Monday, December 27, 2010

Crimson Blades of Ara Part 1: Introduction

This is part one of a five-part series in which I will briefly describe some of the major features of Crimson Blades of Ara, the FRPG that I co-created with Dave Miller starting in 1989.  Herein I will discuss (and provide a link to) the game's Introduction -- but first, a few general remarks about the system's creation, mechanics, and flavor.

The more I read in the OSR blogosphere about other (non-D&D) FRPG systems, the more I realize that Dave and I were likely re-inventing the wheel to some extent when we wrote CBoA.  To be clear, I personally never laid eyes on RuneQuest, HackMaster, RoleMaster, or any other FRPG except D&D, T&T, and once or twice -- and only very cursorily -- The Palladium RPG (which Dave owned).  So I was not consciously ripping off any other systems.  But Dave and I were both sick of some of the core mechanics of AD&D, so CBoA was mostly a reaction against those aspects of D&D that seemed too arbitrary, limiting, and/or tiresome to us.  To wit:

- AD&D had classes and levels; so CBoA was a skill-based game without classes.  Probably the thing we were most emphatically reacting against here were the specific limitations placed upon certain D&D classes, like Magic-Users being unable to use swords.  The character of Gandalf belied that interpretation, and so we had no truck with swordless wizards and the like.

- AD&D came off as human-o-centric and placed seemingly arbitrary limitations upon how high demi-humans could level up.  In our view, some kinds of demi-humans should in fact be MORE skilled and powerful than humans are (like Tolkien's elves were), so our system placed no such limitations on them. 

- We also strongly felt that our RPG system should not only have a ruleset that reflected our gaming preferences and philosophy, but that it should include a well fleshed-out campaign setting as well.  In fact, we decided that what would set CBoA apart from AD&D is that it would have a clearly delineated default game world (Ara), and that the history and characteristics of that game world would dictate the parameters of the rules mechanics.  This may not seem revelatory to anybody else (or even to me in hindsight), but at the time -- note that we were more or less ignorant of Greyhawk, Blackmoor, and the campaigns out of which D&D actually sprung -- we felt that AD&D was too "generic." We thought that in trying to be kind of a "catch-all fantasy setting emulator" AD&D (as we knew it from the Player's Handbook etc.) missed the chance to include the kind of juicy specificity and unique twists on "typical" fantasy settings that we planned to pack into the Lands of Ara. (Again, we were likely reinventing many more wheels than we needed to with this, but we were young and full of energy then.)

So, with those design goals in mind, we set out to put together a rules system and a campaign world that WE wanted to play in.  And that we did.  We began preliminary design discussions in the summer of 1988, and were actively hashing things out and writing things down in earnest by early 1989.  We then played Crimson Blades of Ara more or less exclusively from 1990-1998.

The first few issues we tackled in writing CBoA were the pre-history of our campaign world, the origins of the various races that inhabit it, and the origins and physics of magic in Ara.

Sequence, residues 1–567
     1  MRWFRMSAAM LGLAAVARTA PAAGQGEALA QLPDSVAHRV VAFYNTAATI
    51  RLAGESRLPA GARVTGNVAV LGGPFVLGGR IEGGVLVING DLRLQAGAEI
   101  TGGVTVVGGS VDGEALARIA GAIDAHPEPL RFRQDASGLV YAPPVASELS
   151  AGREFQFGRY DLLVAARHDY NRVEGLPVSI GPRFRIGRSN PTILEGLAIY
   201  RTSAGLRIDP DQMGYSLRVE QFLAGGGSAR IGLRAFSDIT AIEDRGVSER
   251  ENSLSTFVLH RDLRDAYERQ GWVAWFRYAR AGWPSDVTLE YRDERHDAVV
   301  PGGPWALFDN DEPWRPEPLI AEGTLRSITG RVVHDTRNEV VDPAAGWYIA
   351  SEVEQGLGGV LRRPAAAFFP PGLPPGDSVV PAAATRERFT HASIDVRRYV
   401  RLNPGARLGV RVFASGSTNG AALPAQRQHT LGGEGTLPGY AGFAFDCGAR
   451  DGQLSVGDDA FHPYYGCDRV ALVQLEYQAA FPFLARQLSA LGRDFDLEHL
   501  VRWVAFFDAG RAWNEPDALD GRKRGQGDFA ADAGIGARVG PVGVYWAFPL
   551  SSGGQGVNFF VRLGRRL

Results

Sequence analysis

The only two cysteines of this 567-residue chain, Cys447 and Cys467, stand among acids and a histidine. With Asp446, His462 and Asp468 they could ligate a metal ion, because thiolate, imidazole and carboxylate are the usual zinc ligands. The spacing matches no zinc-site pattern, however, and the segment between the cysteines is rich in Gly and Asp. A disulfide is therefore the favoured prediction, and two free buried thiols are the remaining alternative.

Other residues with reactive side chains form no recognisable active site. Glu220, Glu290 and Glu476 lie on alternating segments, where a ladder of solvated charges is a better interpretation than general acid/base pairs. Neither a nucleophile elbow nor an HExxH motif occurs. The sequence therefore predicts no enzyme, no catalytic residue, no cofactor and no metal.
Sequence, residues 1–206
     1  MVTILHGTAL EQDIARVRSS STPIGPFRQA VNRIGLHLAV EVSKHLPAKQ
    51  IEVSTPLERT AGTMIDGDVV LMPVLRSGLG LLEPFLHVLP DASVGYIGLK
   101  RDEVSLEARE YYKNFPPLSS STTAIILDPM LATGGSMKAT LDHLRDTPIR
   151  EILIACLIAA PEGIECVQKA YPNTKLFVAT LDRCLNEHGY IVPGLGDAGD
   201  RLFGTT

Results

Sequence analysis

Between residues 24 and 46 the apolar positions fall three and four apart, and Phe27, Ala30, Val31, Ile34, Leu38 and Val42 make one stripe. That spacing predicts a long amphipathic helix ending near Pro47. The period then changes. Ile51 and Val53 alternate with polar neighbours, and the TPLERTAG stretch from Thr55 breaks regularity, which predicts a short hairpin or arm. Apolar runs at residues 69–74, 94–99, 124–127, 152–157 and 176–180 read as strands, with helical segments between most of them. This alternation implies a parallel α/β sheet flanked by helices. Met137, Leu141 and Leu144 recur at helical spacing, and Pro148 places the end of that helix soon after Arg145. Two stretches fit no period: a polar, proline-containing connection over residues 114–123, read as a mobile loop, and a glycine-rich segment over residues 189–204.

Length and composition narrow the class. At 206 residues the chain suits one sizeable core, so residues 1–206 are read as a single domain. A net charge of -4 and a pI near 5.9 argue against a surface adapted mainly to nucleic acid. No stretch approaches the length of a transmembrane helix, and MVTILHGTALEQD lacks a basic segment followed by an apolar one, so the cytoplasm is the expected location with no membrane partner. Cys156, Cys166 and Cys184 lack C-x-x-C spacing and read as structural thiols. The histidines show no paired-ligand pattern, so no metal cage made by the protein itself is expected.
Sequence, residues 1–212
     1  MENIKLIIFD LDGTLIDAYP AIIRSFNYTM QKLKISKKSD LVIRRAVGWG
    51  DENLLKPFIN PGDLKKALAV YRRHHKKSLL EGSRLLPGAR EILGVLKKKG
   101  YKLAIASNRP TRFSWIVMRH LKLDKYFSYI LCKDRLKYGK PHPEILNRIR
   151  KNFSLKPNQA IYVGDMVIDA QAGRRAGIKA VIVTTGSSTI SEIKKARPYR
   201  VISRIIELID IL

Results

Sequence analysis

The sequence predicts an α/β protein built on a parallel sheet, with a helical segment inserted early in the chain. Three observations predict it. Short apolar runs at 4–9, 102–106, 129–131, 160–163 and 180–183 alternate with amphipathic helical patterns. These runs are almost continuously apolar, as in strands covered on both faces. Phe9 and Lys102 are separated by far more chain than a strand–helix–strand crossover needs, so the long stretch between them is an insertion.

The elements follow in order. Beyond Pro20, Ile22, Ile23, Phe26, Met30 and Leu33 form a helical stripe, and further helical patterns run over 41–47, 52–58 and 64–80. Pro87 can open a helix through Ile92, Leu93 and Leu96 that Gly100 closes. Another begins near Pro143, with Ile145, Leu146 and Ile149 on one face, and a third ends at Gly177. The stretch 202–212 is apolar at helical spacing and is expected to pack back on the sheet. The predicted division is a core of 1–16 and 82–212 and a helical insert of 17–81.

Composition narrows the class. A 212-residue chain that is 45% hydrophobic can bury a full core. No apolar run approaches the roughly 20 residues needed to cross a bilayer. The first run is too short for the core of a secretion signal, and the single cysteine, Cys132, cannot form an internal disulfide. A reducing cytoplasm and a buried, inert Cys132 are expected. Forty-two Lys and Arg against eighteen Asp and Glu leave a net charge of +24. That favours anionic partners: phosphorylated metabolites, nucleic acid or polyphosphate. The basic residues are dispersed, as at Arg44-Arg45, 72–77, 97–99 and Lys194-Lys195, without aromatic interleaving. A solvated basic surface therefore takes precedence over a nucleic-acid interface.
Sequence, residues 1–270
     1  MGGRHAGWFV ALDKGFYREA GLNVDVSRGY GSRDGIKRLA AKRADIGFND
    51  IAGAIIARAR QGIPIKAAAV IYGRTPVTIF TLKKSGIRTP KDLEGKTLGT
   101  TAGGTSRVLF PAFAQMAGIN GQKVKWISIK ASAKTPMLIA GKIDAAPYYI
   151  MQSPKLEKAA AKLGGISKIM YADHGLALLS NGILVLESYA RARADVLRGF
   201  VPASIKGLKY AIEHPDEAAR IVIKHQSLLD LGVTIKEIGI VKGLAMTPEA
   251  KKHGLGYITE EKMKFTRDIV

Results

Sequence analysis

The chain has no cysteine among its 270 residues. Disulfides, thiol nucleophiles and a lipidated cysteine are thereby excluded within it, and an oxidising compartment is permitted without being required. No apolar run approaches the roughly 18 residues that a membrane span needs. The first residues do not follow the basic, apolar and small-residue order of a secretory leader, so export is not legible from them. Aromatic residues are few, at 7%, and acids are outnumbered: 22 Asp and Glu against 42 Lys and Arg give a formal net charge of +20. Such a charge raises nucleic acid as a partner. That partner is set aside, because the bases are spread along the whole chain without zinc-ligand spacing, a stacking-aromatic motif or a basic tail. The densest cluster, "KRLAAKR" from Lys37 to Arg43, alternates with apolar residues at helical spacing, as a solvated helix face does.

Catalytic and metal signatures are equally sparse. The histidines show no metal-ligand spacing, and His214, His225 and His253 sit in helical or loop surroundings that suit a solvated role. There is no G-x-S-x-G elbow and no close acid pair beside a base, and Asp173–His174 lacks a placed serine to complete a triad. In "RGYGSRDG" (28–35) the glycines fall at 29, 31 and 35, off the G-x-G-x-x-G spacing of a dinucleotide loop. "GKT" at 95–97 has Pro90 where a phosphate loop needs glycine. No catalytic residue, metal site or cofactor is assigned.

The Introduction to the CBoA rulebook, subtitled "The Legend of Crimson Blades," is a chronicle of a key early event in Ara's history: the arch-sorceress Awra flees from the magic-fearing society of Noffel, and, due to unforeseen circumstances that trap her at sea, uses her power to create the Rodian race.  That Introduction is available in its entirety as a pdf download here and has been previously posted to this blog in two parts:

Voyage of the Tarandis Part 1
Voyage of the Tarandis Part 2

What I like best about this introductory tale is that it simultaneously introduces a couple unique features of the Arandish game world -- seafaring, magic-fearing Noffellians and a "lost" (or at least forgotten) civilization of ratlike humanoids -- and also lays the groundwork for a great set of adventure hooks: the Crimson Blades.  Where did those thirteen enchanted swords end up?  What powers do they have?  What exactly did Awra do to them?  Indeed, it was always our idea to keep the fate of most of those swords opaque so that individual referees could use them as adventure seeds for their own campaigns. 

(Those interested in Arandish history should also consider reading Part 1, Part 2, and Part 3 of the "Pre-History of Noffel" and also could take a look at a few of the links in the "Player Resources" section of the right sidebar.)

Next up: the "Characters" chapter!


  1. A while back you mentioned that herbalism was a skill in Ara, on a post about my plant magic system based on the Iroquois. I have been coming back to that again, although reshaped through the tropical lens of my current 4e compaign. I have been thinking a lot about plants and magic, and insects and magic, and the relationships between insects, plants and magic.

    It has been coming more and more clear to me lately that all the sentient races share a common (false) conceit that magic comes from their mastery of the arts of sorcery or their pious worship of divine beings.

    Magic is energy is everywhere. Magic is the land is the animals and the plants and the people.

    I look forward to reading more about you guys' creation.

  2. That Herb Lore skill is coming up in the next installment, in the "Characters" chapter. It is pretty limited compared to the kinds of stuff you have created, though!